Spend Enough Time Enjoying Your Kid

April 26, 2011 in Fatherhood Insights  

Spend Enough Time Enjoying Your Kid

I was turned on to this interesting article at Freakonomics.com and it’s definitely worthy of being passed on to you.

I’m not a researcher guy, I don’t do well with stats (or facts) – they make me uncomfortable. This article is short and sweet and doesn’t bore you with “proof.” So I highly recommend you give it a read.

Here’s an interesting quote:

“With a few exceptions, adoption and twin researchers find that nature overpowers nurture, especially in the long-run. Kids aren’t like clay that parents mold for life; they’re more like flexible plastic that responds to pressure, but returns to its original shape when the pressure is released.”

And a really good one:

“Parents spend too much effort trying to mold their kids for the future, and not enough just enjoying life together.”

That last one is the kicker; it made me think, “are my son and I enjoying our life together? Should I focus more on that? Have I ever focused on that?”

So, I wanted to pass this along because it made me ask those questions… they’re good questions… you should ask them of yourself too. Take, read.

Please Comment & Add Your Voice!

Courtney April 26, 2011 at 8:54 am

This makes perfect sense. In fact some of the most useful advice my own Mom (who had four boys) told me was “it’s better to enjoy being together in front of the T.V. if that means your not stressed out and barking at them.”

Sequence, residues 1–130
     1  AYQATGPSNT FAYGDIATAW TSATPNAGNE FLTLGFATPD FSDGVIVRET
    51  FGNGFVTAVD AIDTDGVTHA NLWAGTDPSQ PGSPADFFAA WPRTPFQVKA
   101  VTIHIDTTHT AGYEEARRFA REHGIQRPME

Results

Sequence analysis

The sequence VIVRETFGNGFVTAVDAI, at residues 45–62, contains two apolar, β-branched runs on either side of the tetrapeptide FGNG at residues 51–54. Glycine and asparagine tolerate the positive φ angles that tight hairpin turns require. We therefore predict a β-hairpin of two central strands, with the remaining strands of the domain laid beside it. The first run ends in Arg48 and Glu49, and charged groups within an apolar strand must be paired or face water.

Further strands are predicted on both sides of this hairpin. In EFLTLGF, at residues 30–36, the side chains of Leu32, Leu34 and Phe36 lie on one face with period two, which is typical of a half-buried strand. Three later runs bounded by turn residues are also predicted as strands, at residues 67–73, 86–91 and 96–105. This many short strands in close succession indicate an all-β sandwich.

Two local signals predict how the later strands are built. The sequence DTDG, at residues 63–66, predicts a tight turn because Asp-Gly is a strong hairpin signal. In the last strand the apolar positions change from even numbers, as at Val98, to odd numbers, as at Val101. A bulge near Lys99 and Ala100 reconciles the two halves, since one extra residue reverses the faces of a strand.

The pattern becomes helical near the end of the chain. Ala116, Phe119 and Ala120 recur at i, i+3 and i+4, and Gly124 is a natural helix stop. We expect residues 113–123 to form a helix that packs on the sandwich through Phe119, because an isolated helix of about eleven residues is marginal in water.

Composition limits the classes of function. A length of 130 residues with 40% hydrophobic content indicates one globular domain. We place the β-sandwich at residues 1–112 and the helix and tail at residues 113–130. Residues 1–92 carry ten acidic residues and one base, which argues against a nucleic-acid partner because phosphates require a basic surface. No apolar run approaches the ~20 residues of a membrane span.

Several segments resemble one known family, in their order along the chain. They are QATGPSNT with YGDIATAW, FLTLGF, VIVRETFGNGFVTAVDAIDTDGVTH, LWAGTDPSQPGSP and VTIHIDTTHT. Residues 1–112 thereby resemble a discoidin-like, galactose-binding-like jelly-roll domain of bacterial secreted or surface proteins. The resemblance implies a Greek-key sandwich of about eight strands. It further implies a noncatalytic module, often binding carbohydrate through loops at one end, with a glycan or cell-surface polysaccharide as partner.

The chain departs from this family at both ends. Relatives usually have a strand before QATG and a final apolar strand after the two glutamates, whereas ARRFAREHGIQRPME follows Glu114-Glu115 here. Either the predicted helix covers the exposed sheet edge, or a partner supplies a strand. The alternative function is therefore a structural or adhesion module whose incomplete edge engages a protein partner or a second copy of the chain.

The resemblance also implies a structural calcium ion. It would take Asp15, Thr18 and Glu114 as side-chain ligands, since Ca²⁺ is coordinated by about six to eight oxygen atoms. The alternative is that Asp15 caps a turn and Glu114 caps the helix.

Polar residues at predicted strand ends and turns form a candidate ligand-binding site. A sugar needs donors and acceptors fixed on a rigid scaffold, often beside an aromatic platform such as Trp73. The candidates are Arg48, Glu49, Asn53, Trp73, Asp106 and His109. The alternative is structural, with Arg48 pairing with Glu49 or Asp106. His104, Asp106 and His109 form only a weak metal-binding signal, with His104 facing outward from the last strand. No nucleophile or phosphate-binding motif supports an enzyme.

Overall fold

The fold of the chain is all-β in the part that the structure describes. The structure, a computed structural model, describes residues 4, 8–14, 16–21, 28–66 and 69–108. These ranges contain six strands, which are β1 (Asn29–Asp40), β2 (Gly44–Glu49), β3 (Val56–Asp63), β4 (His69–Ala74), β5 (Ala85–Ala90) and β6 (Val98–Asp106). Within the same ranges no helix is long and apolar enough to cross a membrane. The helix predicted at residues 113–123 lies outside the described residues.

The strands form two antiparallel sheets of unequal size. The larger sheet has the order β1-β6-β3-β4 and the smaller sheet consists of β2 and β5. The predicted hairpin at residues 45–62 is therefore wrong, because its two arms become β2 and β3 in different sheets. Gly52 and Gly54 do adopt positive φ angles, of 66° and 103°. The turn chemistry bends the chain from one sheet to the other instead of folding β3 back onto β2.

I interpret this as being with your kids, no matter what you are doing or how mindless, can/is/will be better for everyone than always trying to stick to some constructed principal like “T.V. is bad and I’m going to create uber humans that are above the din of pop culture”… or something…

As a single parent this was a sanity-saving piece of advice. Sometimes the only way to get dinner on the table is to flip on the tube or netflix or whatever. I still feel like too much t.v is bad but whatever… I’m going to feel less guilty about that than I would if I spent an evening snapping at them because I’m tired.


Chase April 26, 2011 at 9:16 am

@courtney If your mom thinks it’s a good deal, then I’m in!

Yea, this has totally effected the way I look at little situations… I guess it’s just picking your battles. “Hey, Aiden? Please come over here and not over there” Then he keeps walking over there looking at me puppy-dog style while he slowly shuffles along, testing me. Then I think to myself, ‘do i really want to push him on this one? is this going to change his life? Maybe we just have a little fun here,’ and go walking around that corner into the field with him… play with Aslan’s poop (rainbow colors).

Ends up being great. I’m really grateful for this lil’ reading.


Courtney April 26, 2011 at 11:26 am

PICK YOUR BATTLES. Or you’ll die battling… #dadfail


JB April 26, 2011 at 2:23 pm

Glad you posted this, because I am a teacher, and don’t want my kids to grow to loathe their time with me because they will ALWAYS have to learn something and miss out on just being kids wit their dad. I had a sibling who would never just play with me; every instance was an opportunity to “challenge” me to be a better 9-year-old? This is a great thing to get people, especially dads, talking about.